As we enter today into this season of penitence, we cry out with King David, “Be merciful, O God, for we have sinned” (Psalm 51:3). Hearing the Apostle’s plea to “be reconciled to God,” we come with bowed heads and implore the Lord to spare us (II Corinthians 5:20; cf. Joel 2:17).
We know that the mercies of the Lord are greater than any of our sins. Why is it, then, that we place such an emphasis on our sins today and throughout the season of Lent?
Saint Augustine teaches us that “sin is not a desire for evil, but a forsaking of good” (On True Religion, 14.27). In forsaking what is good, we forsake the Good, we forsake God.
Reflecting on the consequences of sin, Saint Bonaventure teaches us:
Because all sin implies movement away from the changeless Good and toward a perishable good; and movement away from the changeless Good means forsaking supreme power, truth, and goodness; and movement toward a perishable good means loving that good excessively: therefore, by losing original justice, man incurred weakness, ignorance, malice, and concupiscence.
Again, by forsaking the changeless Good in favor of a perishable good, man becomes unworthy of both. Hence, by losing original justice, man in his earthly life loses peace of the body, and is made to suffer in many ways from decay and death; and at the end of his life is deprived of the vision of eternal light, losing the beatific glory in both his body and his soul (Breviloquium, III.5.4-5).
An example will help to illustrate with the Seraphic Doctor means by this.
One warm summer day, I was returning home from a visit with a few friends. I stopped at a gas station and, after filling up, went inside the store to pay. As soon as I walked through the door, the cashier said to me, “Will you watch the store? I need to use the restroom?” I was a bit surprised, but I agreed.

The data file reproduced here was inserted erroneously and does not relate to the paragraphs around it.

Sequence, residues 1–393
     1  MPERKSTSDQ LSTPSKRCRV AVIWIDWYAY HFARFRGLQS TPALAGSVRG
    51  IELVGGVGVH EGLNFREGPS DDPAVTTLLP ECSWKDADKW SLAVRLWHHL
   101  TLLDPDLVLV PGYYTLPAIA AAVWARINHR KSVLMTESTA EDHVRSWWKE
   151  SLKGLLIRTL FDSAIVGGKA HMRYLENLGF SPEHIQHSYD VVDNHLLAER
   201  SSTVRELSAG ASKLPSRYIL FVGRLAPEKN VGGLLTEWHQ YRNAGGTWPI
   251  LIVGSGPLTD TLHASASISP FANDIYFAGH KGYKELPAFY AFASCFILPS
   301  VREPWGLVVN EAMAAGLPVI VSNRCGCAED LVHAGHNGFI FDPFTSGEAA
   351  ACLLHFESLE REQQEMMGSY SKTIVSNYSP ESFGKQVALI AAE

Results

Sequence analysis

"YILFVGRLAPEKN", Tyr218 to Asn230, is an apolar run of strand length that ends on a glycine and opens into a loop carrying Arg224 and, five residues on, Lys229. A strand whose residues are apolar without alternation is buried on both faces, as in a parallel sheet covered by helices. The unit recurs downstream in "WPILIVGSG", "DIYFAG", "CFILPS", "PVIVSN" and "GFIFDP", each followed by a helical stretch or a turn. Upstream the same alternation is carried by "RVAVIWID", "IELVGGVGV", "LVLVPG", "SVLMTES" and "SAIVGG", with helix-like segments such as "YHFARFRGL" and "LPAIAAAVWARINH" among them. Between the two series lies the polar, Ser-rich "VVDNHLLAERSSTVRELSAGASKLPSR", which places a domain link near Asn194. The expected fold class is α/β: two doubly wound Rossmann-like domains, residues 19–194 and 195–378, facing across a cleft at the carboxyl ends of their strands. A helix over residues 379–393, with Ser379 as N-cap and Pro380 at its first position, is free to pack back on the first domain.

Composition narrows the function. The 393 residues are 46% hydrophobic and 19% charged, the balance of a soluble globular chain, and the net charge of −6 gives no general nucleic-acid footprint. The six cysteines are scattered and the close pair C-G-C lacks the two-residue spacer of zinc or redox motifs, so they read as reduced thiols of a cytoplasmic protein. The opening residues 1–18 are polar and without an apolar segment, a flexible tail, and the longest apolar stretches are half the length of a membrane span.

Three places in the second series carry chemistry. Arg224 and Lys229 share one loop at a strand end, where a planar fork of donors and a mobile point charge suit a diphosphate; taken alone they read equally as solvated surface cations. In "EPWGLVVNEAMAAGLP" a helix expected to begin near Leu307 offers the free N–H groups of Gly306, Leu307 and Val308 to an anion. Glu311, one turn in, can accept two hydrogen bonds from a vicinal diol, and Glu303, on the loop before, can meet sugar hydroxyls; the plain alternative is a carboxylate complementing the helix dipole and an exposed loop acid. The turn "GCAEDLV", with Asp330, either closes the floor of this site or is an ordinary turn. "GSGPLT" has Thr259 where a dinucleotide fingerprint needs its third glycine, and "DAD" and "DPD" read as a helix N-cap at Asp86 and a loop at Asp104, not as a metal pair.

As waited for her to return, my eyes caught sight of a Snickers ice cream bar, one of the greatest delectables known to man. A thought occurred to me: I could take that bar and nobody would ever know about it. I justified the thought in three ways: 1). I was doing her a favor and it is good to be rewarded; 2). It was a hot day and the ice cream would cool me down a bit; and, 3). I was hungry, and we all know that “Snickers really satisfies.”
|If you haven't had one, you should. But not today; it's a day of fast.|
In this Year of Faith, Pope Benedict XVI has called us to “an authentic and renewed conversion to the Lord” (Porta Fidei, 6). If we are to return to the Lord with our whole hearts, it is good for us to remember that we are dust and that to dust we shall one day return (cf. Joel 2:2).
Because of our sin we are indeed unworthy of the Lord, but in his great love for us he does not wish us to remain so. Whoever comes before the Lord freely confessing his sins with a desire to make amends for them will be forgiven and, by God’s grace, be made worthy of him.
Let us, then, seek to examine our consciences honestly and by the light of the Holy Spirit. We know that, as Saint Bonaventure says, “sin consists in either omitting what divine law prescribes, or committing what it forbids” (Breviloquium, III.8.2). The Lord Jesus has told us that the heart of the law is love. “This is my commandment,” he says, “love one another as I love you” (John 15:12). We must ask the Holy Spirit to help us see the many ways we have failed to love both God and neighbor, the times we have forsaken that which is truly good.
Let us ask the Lord to make us worthy of himself by renewing within us a desire for God. Today, ever more intently, we beg the Lord: “Give me back the joy of your salvation, and a willing spirit sustain in me” (Psalm 51:14). Amen.